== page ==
A tense finish is guaranteed: even if our finalist starts badly, they know they can cut their expectations, and return from £500 in 20 seconds. The jackpot is possible, but rightly difficult - players can hear eighteen questions in two minutes, and the questions are written to encourage interruptions. Most successful players come back with £1000 or so.

Our player wins £1250.

Zoe Lyons hosts the programme, with a silken charm and genuine warmth. Lightning learned from the failure of other quiz chicken shows such as Beat the Clock, by making each round something different. The physical challenge is particularly welcome, very few other shows combine quiz and physical achievement in this way.

Catchphrases

"If you stay out of the light, you'll be alright."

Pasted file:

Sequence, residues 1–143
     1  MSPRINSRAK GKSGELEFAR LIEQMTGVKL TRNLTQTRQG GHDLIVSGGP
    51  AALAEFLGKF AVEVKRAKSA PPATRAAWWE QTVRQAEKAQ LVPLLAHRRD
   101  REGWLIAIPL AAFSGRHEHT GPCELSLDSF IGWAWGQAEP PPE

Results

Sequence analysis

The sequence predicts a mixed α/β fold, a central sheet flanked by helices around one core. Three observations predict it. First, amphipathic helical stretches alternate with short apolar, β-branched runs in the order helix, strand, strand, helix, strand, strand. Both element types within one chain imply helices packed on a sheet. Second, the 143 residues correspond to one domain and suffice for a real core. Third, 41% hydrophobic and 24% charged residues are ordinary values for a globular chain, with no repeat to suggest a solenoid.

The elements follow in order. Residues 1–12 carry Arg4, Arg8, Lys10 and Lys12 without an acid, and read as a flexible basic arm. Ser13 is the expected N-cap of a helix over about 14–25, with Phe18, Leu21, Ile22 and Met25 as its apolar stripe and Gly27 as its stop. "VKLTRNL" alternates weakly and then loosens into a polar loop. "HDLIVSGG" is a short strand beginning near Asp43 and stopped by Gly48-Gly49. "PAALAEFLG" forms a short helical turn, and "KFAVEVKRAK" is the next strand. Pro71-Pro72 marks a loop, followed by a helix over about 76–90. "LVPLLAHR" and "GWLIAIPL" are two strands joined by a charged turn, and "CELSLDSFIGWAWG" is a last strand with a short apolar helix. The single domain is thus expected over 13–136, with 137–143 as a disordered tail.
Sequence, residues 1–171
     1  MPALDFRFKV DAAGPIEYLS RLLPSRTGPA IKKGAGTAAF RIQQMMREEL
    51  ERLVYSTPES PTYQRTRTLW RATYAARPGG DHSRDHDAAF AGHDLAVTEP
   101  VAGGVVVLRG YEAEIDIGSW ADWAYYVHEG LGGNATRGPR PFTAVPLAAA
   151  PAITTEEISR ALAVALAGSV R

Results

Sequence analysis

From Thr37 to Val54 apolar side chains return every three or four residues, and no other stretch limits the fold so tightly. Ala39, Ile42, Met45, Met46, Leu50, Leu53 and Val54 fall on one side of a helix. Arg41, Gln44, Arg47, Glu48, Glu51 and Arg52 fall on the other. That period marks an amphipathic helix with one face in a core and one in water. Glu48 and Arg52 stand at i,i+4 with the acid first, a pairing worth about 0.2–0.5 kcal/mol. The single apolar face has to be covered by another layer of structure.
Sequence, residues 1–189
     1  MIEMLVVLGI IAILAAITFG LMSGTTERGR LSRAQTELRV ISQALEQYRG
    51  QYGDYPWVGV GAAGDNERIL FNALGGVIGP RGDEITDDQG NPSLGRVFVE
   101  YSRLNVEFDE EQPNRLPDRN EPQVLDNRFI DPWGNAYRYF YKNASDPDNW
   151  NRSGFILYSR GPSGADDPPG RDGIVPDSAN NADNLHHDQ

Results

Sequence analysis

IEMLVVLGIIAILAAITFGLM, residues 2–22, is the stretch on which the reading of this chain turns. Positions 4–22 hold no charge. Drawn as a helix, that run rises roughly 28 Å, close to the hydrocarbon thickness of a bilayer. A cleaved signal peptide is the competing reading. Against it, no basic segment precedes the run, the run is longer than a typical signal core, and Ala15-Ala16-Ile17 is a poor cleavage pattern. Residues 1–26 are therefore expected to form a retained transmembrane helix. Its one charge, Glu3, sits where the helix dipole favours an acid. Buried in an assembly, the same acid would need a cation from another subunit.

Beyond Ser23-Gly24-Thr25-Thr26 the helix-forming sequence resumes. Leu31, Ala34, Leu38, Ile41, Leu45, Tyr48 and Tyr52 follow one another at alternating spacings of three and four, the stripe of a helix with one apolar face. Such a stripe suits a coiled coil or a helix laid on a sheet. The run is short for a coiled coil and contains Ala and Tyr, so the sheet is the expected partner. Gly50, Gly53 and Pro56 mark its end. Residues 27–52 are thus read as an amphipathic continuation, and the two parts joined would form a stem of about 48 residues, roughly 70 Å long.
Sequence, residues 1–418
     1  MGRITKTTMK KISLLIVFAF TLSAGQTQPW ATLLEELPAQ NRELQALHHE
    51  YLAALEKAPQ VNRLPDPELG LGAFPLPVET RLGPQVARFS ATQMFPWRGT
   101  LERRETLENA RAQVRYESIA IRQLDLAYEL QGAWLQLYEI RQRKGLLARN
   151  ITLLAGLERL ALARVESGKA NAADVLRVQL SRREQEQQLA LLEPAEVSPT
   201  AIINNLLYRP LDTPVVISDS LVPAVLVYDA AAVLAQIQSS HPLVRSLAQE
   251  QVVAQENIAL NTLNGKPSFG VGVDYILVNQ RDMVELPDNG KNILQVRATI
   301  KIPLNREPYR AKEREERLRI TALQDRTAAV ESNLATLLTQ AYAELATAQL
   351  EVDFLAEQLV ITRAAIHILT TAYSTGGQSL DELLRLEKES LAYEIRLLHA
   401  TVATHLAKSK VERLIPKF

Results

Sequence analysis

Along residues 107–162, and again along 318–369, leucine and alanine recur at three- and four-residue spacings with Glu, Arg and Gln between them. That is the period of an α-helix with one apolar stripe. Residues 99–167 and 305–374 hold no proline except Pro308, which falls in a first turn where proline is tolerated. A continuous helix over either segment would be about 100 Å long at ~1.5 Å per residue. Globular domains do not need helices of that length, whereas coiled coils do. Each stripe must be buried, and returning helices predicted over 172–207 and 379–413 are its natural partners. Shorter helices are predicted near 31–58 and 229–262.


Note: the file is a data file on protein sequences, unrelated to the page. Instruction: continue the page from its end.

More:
"Lightning has struck, so it is goodbye."

Inventor

Games developed by Laura Conlon, Natalie Jennings, and Art Sejdiu.

Theme music

Music composed by Marc Sylvan.

Trivia

Filmed in Northern Ireland with support from Northern Ireland Screen.

Aired at 6.30, immediately after the sedate and charming and hugely popular House of Games (3) with Richard Osman. The third week aired after Lyons' appearances on the show.

Web links

BBC programme site

See also

Weaver's Week review

Feedback

To correct something on this page or post an addition, please complete this form and press "Send":
If you are asking us a question, please read our contact us page and FAQ first.

Name: E-mail:   
A Labyrinth Games site.
Design by Thomas.
Printable version
Editors: Log in